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now apparently, after the prime minister heard the news of the helicopter crash he decided to fly back to islamabad. he has now declared a day of mourning for tomorrow, which is saturday and of course, has asked the air force to bring back the bodies of those diplomats killed on that helicopter, as well as the wounded that have been treated in a hospital in the capitol of the province. >> thank you. >> italy's navy is trying to figure out why doors were locked on a boat that sank off the coast of libya killing up to 800 people. the wreckage was just found in the mediterranean. officials say hundreds of bodies seemed to be on the ship. stephanie decker is live this morning in italy. what efforts are happening to try to recover those bodies, if any? >> well, actually the message from the prosecutor, he gave that press conference that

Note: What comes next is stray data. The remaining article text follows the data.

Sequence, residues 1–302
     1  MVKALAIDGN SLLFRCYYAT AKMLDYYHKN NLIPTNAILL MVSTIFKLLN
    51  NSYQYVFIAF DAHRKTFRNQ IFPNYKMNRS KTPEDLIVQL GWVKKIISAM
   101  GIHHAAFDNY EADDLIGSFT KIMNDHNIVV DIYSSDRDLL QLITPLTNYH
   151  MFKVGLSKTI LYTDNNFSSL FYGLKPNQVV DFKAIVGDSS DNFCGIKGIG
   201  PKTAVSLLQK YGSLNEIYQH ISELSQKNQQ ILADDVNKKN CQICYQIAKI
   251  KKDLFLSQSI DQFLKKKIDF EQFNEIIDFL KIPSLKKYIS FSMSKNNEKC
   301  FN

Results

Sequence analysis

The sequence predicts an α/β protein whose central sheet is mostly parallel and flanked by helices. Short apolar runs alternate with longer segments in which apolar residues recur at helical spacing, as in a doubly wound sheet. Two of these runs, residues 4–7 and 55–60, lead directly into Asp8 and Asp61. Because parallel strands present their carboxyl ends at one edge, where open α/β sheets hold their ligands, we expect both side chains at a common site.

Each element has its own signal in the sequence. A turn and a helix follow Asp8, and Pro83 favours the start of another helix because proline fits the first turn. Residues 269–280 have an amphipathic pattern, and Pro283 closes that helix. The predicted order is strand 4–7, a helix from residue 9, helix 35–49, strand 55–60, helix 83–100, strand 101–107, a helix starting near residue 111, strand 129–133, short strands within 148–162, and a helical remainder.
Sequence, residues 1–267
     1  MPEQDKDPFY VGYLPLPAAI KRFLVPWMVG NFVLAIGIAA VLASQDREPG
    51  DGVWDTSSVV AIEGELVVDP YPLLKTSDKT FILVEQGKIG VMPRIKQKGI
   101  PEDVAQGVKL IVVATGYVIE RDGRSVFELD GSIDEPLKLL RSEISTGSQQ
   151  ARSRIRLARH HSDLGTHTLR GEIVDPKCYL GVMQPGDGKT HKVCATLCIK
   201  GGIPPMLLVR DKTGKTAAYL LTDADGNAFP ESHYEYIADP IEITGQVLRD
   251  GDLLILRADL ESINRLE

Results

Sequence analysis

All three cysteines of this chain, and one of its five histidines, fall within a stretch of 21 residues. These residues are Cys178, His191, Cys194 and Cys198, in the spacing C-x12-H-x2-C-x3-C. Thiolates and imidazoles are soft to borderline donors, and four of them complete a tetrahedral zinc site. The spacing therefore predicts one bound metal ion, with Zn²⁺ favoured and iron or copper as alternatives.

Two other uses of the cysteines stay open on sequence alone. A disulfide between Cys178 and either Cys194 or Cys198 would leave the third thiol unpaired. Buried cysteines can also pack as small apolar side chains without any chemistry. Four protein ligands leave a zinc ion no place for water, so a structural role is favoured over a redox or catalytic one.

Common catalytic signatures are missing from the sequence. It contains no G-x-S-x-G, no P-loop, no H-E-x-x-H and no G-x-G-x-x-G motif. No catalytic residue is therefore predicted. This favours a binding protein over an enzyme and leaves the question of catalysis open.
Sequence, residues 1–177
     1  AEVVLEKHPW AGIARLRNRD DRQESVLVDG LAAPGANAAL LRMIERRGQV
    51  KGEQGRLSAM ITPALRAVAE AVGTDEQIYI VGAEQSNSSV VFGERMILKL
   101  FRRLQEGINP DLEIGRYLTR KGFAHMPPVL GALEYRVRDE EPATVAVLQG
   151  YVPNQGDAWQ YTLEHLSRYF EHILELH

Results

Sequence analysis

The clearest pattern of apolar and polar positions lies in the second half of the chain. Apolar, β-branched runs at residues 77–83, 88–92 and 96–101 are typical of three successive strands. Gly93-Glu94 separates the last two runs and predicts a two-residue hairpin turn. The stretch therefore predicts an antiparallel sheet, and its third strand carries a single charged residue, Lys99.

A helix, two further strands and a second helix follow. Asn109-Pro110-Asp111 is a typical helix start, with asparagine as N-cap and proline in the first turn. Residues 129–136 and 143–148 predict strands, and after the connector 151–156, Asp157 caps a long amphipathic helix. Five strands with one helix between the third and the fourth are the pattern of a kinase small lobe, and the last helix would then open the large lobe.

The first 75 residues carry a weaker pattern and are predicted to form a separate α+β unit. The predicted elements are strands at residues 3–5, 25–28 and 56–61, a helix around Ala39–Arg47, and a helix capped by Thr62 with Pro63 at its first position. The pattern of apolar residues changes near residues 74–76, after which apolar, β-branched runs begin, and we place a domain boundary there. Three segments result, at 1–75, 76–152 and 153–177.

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they're hoping not to have to raise the boat out of the water. they want to try and terminate this investigation to establish whether those doors were locked had to do with the two men they have in custody, one the captain of the ship and the other helping him. they ideally would not want to raises the boat, leaving the bodies to rest as they were. he was clear about that. he warned journalists, he said please don't chase these images, because they have images of hundreds of bodies on the boat. he said to respect the dignity of those who died. >> how long could this investigation into this locked cargo hold take? >> >> we asked him that question and he said he hopes to conclude it soon. he did say days to weeks so it's a situation on going. they have the images, the boat sent down a robot 370 meters below the surface will be coming into a different port this week,